Center for Culturally Responsive Evaluation and Assessment opens with international conference in Chicago

by The College of Education   /   Jul 03, 2013

The Center for Culturally Responsive Evaluation and Assessment (CREA) held its inaugural conference in April, and it did what any innovative and ground-breaking first conference should do. In addition to hosting 265 conference registrants and offering 59 breakout sessions and 120 paper, roundtable, and symposium sessions, the conference also examined the past, celebrated its present, and looked to the future to consider what its next uncharted steps might be.

Created in 2011 by the College of Education, CREA has a specific mission designed to be executed on a global platform: to address the vital need for policy-relevant research in evaluation and assessment that explores the cultural and contextual dimensions of social and educational interventions.

Registered participants represented the United States (including a large contingent from Hawaii), indigenous nations, and Germany, Canada, Ireland, New Zealand, Greece, Australia, and Denmark.

CREA is directed by Stafford Hood, who is the associate dean for research and research education and the Sheila M. Miller Professor of Education. CREA's associate director and Senior Fellow is Thomas Schwandt, professor of Educational Psychology.

The conference convened the CREA community in Chicago to collectively examine the past by conducting scholarly inquiry into the role of cultural context that surrounds evaluation, assessment, research, and scholarship. A small, committed, and vocal group of evaluation and assessment scholars (particularly in evaluation) spearheaded this movement more than a decade ago, according to Hood, which helped pave the way for the creation of CREA.

To view additional photos of the conference, click here.

The event's present-day focus was to formally launch CREA, which Hood says is unique in its focus on the role, impact, and utility of the study of cultural context in educational evaluation, assessment, research, and policy. "I am reasonably certain we are the only center nationally and internationally with such a focus," Hood said.

With no rest for the weary, CREA is looking to the future to consider all that transpired during the conference and to identify its next phase of work.

Keynote speakers for the conference were Eric Jolly, president, Science Museum of Minnesota; Rodney Hopson, Duquesne University, past president of the American Evaluation Association (AEA); and Maria Araceli Ruiz-Primo, director, School Research Center and the Laboratory of Educational Assessment, Research and Innovation, University of Colorado-Denver.

Hood referred to the keynote addresses as "phenomenal" and said that the two invited panels of past presidents of the American Educational Research Association (AERA) and the AEA added much to the conference. Those panelists were AEA past presidents Jennifer Greene, College of Education at Illinois, and Karen Kirkhart, Syracuse University; and AERA past presidents Gloria Ladson-Billings, University of Wisconsin-Madison, and Carol Lee, Northwestern University.

A personal highlight for Hood was the formal welcome and closing by representatives from the American Indian Center of Chicago, who provided “ceremony” as appropriate protocol for "acknowledging the indigenous people of the land," according to Hood.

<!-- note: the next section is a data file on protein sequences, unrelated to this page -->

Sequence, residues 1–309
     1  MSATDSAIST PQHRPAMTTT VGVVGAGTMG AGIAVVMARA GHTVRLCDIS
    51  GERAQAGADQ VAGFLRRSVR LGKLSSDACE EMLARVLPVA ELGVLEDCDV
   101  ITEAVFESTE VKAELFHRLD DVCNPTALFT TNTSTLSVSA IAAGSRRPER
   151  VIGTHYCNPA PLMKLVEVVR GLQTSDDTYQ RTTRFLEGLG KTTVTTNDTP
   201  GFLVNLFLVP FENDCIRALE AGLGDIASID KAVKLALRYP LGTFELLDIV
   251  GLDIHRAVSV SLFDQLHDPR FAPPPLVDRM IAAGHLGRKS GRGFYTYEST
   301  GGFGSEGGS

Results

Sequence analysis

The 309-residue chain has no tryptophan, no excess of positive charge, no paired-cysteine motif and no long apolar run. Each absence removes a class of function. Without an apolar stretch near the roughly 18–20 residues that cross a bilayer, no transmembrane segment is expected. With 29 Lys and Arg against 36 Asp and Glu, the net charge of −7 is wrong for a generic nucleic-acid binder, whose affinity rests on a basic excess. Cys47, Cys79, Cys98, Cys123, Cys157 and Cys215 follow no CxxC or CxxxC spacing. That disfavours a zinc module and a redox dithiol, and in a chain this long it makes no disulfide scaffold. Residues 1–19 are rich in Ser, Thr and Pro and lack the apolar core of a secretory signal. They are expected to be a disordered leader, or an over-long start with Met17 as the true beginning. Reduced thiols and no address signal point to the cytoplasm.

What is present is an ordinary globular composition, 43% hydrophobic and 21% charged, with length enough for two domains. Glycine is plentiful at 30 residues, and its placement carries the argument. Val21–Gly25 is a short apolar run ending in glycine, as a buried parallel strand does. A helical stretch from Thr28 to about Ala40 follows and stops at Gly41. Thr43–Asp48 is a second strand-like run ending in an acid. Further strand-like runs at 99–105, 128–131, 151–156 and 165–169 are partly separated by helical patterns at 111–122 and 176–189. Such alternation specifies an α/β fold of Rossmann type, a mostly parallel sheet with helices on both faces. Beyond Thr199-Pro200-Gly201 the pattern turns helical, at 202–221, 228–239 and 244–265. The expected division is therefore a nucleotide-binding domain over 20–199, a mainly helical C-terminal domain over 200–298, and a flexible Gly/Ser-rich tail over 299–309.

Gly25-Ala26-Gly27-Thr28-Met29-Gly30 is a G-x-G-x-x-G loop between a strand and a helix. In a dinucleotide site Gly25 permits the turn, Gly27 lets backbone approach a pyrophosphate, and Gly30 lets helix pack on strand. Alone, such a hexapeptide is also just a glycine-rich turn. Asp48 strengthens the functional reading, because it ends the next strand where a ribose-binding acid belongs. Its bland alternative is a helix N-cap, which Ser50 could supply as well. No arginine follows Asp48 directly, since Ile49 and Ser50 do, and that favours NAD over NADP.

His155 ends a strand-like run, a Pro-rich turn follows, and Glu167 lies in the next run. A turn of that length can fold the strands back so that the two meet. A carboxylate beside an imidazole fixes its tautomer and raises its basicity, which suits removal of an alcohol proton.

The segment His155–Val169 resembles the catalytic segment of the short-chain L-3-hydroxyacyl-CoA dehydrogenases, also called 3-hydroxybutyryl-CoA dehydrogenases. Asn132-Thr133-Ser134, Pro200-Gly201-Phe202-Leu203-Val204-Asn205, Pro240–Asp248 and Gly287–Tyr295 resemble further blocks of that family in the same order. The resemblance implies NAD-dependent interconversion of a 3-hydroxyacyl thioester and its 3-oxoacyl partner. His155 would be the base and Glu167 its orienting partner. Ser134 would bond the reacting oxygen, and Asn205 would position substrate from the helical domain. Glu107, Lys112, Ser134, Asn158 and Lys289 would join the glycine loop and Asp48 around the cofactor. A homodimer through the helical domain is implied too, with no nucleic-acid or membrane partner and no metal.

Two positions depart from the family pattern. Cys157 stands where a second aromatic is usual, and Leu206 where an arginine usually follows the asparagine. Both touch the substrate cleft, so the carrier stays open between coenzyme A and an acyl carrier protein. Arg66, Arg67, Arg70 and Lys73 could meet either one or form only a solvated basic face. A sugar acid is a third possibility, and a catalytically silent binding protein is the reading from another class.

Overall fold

"That was a very intentional and critically important protocol for us to follow, especially when we consider the mission of CREA and particularly in view of the substantive representation and participation of indigenous people in the CREA community," Hood said.

"Clearly, the work of CREA and the CREA community has a very strong social justice agenda that focuses on prioritizing, serving, and improving the circumstances of those people in communities that have traditionally been disenfranchised by a dominant society," Hood said. "That is where we are focusing our attention and that is where we're hoping to see the presence and impact of our work."

It is the College's aspiration that CREA will establish new benchmarks in educational research, evaluation, and assessment unique among its peers, according to Dean Mary Kalantzis, adding that "culturally sensitive and responsive practices both recognize ethnicity and position culture as central to the research process."

Staying true to its global focus, the Center already boasts a partnership with Dublin City University (DCU) that is reflected in the establishment of CREA at DCU in the School of Education Studies under the leadership of Professors Joe O’Hara and Gerry McNamara. Dublin City University also has plans for creating an Institute of Education in coming years, according to Professor Brian MacCraith, president of DCU. The institute, which will be one of the largest in Europe, will engage in a wide range of innovative educational research practice, "and I am convinced that our association with CREA will add significantly to its impact," MacCraith said.

In retrospect, Hood said that one positive outcome of the conference was that it provided a “safe space” for younger members of the CREA community to engage with more senior scholars in "substantive, meaningful, and sometimes even intense, debate, but all the while growth was also nurtured in that space."

Hood said that the inaugural event set a high standard for future conferences, and that he and the CREA community owe much of its success to the CREA conference staff (Team CREA).

The content of the CREA inaugural conference truly encompassed its mission and work, as evidenced by the breadth of papers, talks, and breakout sessions that transpired.